Great White Hunter Wes Hixon poses with a Do Not Touch sign in front of the stuffed bears at his Wildwood office.
Dade is a small, rural county but it’s also the center of the universe, so it comes as no surprise when mysterious galactic forces suck in people from all over. But even to those of us accustomed to Dade’s inexplicable ways, the MGFs may seem to be working overtime this weekend as foreigners in khaki and pith helmets descend upon the north end of the county from all corners of the globe.
What’s it all about? Following the distant beat of jungle drums (actually, a phoned-in lead from alert reader Carolyn Bradford Lane—thanks, Carolyn!) The Planet mongoosed it post-haste to the depths of Wildwood to run and find out! And where would The Planet mongoose it post-haste to but Wes Hixon’s Outdoor Adventures?
Dade is a small, rural county but a strange and diverse one, with at least one of everything, so it comes as no surprise that we have our own African safari organizer: Wes Hixon, whose Highway 11 North business is responsible for Saturday’s influx of globetrotters. The Planet found the Great White Hunter himself behind his desk busily preparing for his gala amid rhinoceros heads, stuffed bears, elephant-legged tables and tiger skin rugs.
Hixon said that Saturday is his 16th annual open house. “These are all of my business partners,” he said of tomorrow's guests. “These are the people who run the lodges in eight countries in Africa, New Zealand, Canada, Poland, all of that.”
Hixon explained that his company makes its living as a sort of exotic travel agency, arranging hunting and photographic safaris, fishing trips and wing-shooting holidays for tourists. “We handle all of the advertising worldwide and take care of the bookings, all the reservations,” said Hixon. “Our fees are paid from the normal fees that are charged.”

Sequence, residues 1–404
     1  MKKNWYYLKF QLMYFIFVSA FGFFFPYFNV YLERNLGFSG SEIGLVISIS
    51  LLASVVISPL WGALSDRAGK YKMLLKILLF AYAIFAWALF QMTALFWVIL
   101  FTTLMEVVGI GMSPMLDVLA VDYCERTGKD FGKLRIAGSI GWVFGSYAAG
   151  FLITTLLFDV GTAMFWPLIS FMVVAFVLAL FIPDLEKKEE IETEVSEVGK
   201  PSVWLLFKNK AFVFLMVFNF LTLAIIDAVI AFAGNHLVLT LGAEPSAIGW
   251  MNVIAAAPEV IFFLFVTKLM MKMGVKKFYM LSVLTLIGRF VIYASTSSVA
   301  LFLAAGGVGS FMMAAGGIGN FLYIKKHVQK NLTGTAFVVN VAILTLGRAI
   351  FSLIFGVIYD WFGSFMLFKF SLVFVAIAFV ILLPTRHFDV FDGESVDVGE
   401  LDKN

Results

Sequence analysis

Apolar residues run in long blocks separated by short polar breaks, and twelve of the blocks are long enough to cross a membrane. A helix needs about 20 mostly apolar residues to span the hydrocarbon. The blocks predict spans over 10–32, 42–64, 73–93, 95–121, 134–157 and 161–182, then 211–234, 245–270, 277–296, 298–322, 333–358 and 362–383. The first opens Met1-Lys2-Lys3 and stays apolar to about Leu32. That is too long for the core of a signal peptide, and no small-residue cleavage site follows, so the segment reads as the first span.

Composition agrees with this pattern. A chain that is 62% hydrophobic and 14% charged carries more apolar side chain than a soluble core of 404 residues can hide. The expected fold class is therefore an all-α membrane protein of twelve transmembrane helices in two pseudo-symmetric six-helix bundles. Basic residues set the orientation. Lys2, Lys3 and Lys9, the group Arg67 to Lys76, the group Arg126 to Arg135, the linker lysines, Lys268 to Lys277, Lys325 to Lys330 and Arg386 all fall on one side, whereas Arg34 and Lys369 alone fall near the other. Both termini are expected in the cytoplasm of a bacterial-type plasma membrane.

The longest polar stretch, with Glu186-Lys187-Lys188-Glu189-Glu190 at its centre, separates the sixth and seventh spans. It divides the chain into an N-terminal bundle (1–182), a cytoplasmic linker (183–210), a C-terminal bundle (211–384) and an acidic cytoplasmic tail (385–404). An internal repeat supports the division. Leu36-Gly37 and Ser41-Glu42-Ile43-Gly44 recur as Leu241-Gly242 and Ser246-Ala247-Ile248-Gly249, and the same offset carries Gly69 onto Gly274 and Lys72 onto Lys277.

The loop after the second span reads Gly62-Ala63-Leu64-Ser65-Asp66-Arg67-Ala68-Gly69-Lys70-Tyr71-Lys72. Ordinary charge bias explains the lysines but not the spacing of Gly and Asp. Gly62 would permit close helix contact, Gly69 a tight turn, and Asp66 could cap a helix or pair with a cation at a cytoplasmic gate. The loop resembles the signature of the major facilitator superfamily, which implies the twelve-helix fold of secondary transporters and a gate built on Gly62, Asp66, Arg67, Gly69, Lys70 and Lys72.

When Hixon started his firm a couple of decades ago, he said, there were only nine companies like his in the world. Now there are hundreds. “It’s a big industry,” he said. “People don’t realize.”
Next week is the annual Safari Club International (SCI) trade show in Las Vegas’ Mandalay Bay Convention Center, where there will be over 2200 exhibitors. Last week, there was a similar expo in Dallas. Hixon exhibits at both. “You go to reconnect with your people that have been with you and shake hands, hello, how are you, let’s talk about going again,” he said. “I do my office open house every year around the conventions because all these people are here.”
(He paused to answer his phone—“Excuse me. Argentina.”)
The purpose of the trade shows is to drum up business, explained Hixon when the interview resumed. His open house in Wildwood is more of a customer appreciation day. “People who do business with us come and they enjoy themselves,” he said. “It’s a social event.”
It is not, however, a public event, nor even one that has ever before been open to the press. Hixon’s business is in fact one of those institutions, like Covenant College, perhaps, or the Wildwood Lifestyle Center, that is located in Dade but has little connection with the community. “Your average Dade County person is not going to want to come in here and book a trip to Africa,” said Hixon.
But Hixon hints that the company might have more impact on Dade the way his annual event has been growing. This year he’s had over 300 RSVPs so far and is expecting about twice that many attendees. He’s hired two chefs to prepare elk, Alaska salmon, moose and other big game for the hunting crowd. Currently he hosts the do in the office and at a tent set up on the lawn. But soon he’ll need a larger facility, said Hixon, and he’s had the idea: “I want to have my own outdoor convention, right here in Dade County.”
Why, after all, not? “In Vegas we’ll spend upwards of $40,000 for five days there,” said Hixon. “If we can stay and get just as much booking and business here as we can there in Vegas, I’d much rather stay here.”
That would be good not only for Wes Hixon’s Outdoor Adventures, he pointed out, but for Dade County as well. Imagine the economic impact. Even for the customer appreciation day he’d just written a $970 check to a local vendor for gravel and paid a local workman $400 to spread it, plus hiring off-duty cops for security and heavily patronizing local stores for refreshments and hardware. “I purposely buy everything I can buy from Dade County businesses,” said Hixon.
So Dade County may one day be International Base Camp for the worldwide safari crowd. Who'd have thunk it? But one does get blasé about such goings-on, living as one does at the center of the universe....